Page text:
The overall cost – room and board – to attend Smith College, an elite women’s college in Northampton, Massachusetts, is in the neighborhood of 78-thousand dollars per year. An allegation of racism, made by an African-American student against a school janitor in 2018, has prompted a complex cultural discussion there that is full of worldview implications. It also exposes the significant limitations of critical theory and intersectionality, the dominant lenses by which our culture discerns issues of race, privilege, poverty, and discrimination.
The New York Times called the situation a collision of “race, class and power.” A black female student was eating lunch in a dorm that was supposed to be closed for the summer. When a janitor called security, the student claimed that she was questioned for “eating while black.” The janitor, whose entire annual salary would barely cover half a year’s room and board at Smith, was placed on leave. Another janitor quit after the student posted his picture online, calling him a racist coward.
Smith College responded by issuing a public apology… to the student. Months later, an independent law firm released its report on the entire incident. They concluded that there was no evidence that anyone acted with racial bias.
One of the embedded myths of American culture is the good-hearted, perhaps unlucky, but ultimately victorious “little guy.” Almost every sports movie or war movie features an unlikely hero with a big heart but little chance of success, yet who nevertheless comes out on top: the Cinderella team in March Madness, “Rudy,” the nerd who gets the girl, the hockey team of misfits, the basketball team with the actual dog on it. Most of us cheer for the underdog.
The problem lies in assigning virtue to underdogs simply because they’re an underdog. The modern world, said G.K. Chesterton, has far too many virtues, that are “wandering wildly” and doing “terrible damage.” In other words, our virtuous instincts can go awry when they’re not anchored to the Truth.
This at least partially explains why this situation at Smith College has thrown off so many people, including The New York Times. Who’s the “Good Guy” in a story in which everyone is the underdog? Who should win when an ethnic minority student and a blue-collar worker fall at odds? Who should win if we’re not allowed, or don’t know how, to issue moral judgments on behavior because we’re issuing them simply on social class, ethnicity, or race?
Jesus chose the uneducated and unpopular as His disciples: fishermen, tax collectors, Zealots… Viewing this through the myth of the “perfect-hearted” Little Guy, it’s tempting to conclude that though the disciples didn’t seem important or wise, Jesus must have known the real story. Perhaps the Twelve were the first century equivalent of the lead character in a high school romantic comedy. Maybe the nerd who’s ignored and bullied until he takes off his glasses and everyone realizes how good-looking and big hearted he really is.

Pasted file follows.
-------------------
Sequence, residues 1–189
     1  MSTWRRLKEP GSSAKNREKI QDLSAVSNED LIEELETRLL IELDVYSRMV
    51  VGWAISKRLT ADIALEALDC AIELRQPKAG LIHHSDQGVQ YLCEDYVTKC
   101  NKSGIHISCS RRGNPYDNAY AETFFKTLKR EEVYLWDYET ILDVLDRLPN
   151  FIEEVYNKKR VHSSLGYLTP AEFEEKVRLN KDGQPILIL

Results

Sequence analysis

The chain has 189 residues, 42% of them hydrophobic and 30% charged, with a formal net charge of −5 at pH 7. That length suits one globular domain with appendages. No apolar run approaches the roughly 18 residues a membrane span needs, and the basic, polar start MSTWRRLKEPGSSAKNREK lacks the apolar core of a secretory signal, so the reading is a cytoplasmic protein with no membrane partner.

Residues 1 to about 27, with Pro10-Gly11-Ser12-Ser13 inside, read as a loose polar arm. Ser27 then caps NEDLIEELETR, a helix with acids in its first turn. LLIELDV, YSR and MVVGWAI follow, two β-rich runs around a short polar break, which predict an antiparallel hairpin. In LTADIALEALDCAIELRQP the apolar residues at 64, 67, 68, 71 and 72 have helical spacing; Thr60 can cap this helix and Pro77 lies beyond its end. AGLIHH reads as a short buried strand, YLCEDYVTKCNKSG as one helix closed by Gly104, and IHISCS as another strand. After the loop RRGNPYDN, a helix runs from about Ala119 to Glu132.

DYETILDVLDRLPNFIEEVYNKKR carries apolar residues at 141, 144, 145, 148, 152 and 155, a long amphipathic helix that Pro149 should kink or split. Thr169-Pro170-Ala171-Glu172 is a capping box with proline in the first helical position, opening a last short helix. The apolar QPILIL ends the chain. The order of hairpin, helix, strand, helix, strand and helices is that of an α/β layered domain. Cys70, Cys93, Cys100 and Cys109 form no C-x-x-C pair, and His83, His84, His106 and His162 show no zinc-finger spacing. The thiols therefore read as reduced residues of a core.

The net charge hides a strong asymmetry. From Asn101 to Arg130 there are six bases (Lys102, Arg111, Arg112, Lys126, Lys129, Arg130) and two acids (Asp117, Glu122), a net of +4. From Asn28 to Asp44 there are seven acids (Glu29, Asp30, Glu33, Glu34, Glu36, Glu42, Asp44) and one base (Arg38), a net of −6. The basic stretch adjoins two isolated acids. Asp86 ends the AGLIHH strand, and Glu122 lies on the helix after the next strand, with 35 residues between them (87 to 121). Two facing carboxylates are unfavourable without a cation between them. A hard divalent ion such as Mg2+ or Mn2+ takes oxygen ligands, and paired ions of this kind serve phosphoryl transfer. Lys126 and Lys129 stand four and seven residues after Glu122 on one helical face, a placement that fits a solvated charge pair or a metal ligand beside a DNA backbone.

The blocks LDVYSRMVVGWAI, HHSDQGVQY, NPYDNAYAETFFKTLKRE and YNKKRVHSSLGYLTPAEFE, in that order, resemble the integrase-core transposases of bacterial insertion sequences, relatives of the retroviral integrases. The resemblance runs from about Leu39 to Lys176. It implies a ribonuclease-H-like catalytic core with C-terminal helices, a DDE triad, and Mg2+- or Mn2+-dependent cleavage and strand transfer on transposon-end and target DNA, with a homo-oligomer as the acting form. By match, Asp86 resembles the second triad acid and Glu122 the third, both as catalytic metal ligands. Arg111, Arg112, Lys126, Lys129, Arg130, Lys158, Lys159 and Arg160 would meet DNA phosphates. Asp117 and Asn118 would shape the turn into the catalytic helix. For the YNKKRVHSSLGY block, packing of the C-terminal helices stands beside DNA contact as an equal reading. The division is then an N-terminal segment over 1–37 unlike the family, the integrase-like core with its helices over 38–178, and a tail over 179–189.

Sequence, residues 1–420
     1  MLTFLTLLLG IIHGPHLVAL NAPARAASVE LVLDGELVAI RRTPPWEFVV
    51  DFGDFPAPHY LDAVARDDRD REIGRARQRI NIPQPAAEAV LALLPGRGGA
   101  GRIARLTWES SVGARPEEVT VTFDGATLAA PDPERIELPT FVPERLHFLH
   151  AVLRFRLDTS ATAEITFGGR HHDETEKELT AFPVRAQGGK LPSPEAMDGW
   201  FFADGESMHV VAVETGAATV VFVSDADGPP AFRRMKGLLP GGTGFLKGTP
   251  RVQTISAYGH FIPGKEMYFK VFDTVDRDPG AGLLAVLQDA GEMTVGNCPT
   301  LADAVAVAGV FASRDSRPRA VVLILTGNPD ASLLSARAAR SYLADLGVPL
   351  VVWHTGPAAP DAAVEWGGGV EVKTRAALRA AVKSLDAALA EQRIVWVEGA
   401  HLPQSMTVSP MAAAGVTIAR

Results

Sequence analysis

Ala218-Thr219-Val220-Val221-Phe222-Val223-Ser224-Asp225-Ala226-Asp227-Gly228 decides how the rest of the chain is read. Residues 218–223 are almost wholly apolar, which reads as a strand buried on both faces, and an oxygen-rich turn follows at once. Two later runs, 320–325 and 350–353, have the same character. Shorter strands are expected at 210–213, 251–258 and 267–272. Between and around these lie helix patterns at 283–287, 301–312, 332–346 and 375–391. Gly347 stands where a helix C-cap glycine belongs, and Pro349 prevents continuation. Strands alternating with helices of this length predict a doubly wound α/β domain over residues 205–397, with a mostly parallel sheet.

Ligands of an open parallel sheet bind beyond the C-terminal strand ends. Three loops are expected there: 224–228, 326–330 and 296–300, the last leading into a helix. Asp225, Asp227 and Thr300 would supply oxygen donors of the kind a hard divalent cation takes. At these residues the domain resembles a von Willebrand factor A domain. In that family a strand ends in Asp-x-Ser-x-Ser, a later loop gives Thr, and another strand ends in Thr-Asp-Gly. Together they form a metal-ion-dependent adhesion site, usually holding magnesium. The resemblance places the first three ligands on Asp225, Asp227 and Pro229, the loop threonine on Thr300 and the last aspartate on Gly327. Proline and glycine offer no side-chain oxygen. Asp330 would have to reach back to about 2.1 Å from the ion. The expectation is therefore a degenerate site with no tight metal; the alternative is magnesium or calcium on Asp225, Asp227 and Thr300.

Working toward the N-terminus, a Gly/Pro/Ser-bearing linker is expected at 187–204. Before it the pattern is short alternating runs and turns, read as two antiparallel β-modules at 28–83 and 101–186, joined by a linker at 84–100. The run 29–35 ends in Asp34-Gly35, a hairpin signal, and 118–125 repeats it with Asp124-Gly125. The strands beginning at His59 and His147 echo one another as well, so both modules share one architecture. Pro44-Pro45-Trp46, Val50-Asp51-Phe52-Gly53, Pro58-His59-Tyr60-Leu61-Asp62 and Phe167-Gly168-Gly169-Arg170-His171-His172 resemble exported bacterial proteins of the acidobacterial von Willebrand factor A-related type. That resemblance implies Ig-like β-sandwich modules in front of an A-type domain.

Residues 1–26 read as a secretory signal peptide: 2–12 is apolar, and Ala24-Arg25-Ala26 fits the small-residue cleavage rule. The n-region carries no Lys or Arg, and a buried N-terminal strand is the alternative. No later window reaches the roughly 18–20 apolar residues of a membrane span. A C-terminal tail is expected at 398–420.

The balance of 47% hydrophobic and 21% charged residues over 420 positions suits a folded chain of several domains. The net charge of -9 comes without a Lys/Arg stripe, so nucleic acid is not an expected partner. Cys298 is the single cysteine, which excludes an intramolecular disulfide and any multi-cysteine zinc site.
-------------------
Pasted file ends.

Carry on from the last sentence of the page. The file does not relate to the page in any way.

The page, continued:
But that’s not true. The disciples, at least according to the Gospels, were kind of pathetic. When they weren’t angry, jealous, or power-hungry, they were confused and scared. Jesus had to say “I came from the Father” about 400 times before they even kind of grasped what He meant.
When Paul says that God chose the “foolish things of this world to shame the wise,” he wasn’t saying that fools are secretly wise and just haven’t enjoyed their deserved moment in the sun. He uses the foolish and the weak to display His glory. By choosing these 12 disciples, outcasts and underdogs, He gets to say, “See what I can do?” After all, how great is a God that can save the world and build a kingdom using any of us?
The fatal flaw in our current cultural discussions on oppression and justice is a misunderstanding of our common humanity: our common dignity as created in God’s image, our common frailty as fallen from His grace, our common foolishness after the fall, and our common reliance on His grace for wisdom and help.
Without a doubt, the young woman at Smith College shouldn’t be profiled because of her skin color. Neither should a janitor be falsely accused of racism.
Virtue is action, not category. And no one is virtuous or guilty simply because they are an underdog.
Photo courtesy: ©Nathan Dumlao/Unsplash
BreakPoint is a program of the Colson Center for Christian Worldview. BreakPoint commentaries offer incisive content people can't find anywhere else; content that cuts through the fog of relativism and the news cycle with truth and compassion. Founded by Chuck Colson (1931 – 2012) in 1991 as a daily radio broadcast, BreakPoint provides a Christian perspective on today's news and trends. Today, you can get it in written and a variety of audio formats: on the web, the radio, or your favorite podcast app on the go.
John Stonestreet is President of the Colson Center for Christian Worldview, and radio host of BreakPoint, a daily national radio program providing thought-provoking commentaries on current events and life issues from a biblical worldview. John holds degrees from Trinity Evangelical Divinity School (IL) and Bryan College (TN), and is the co-author of Making Sense of Your World: A Biblical Worldview.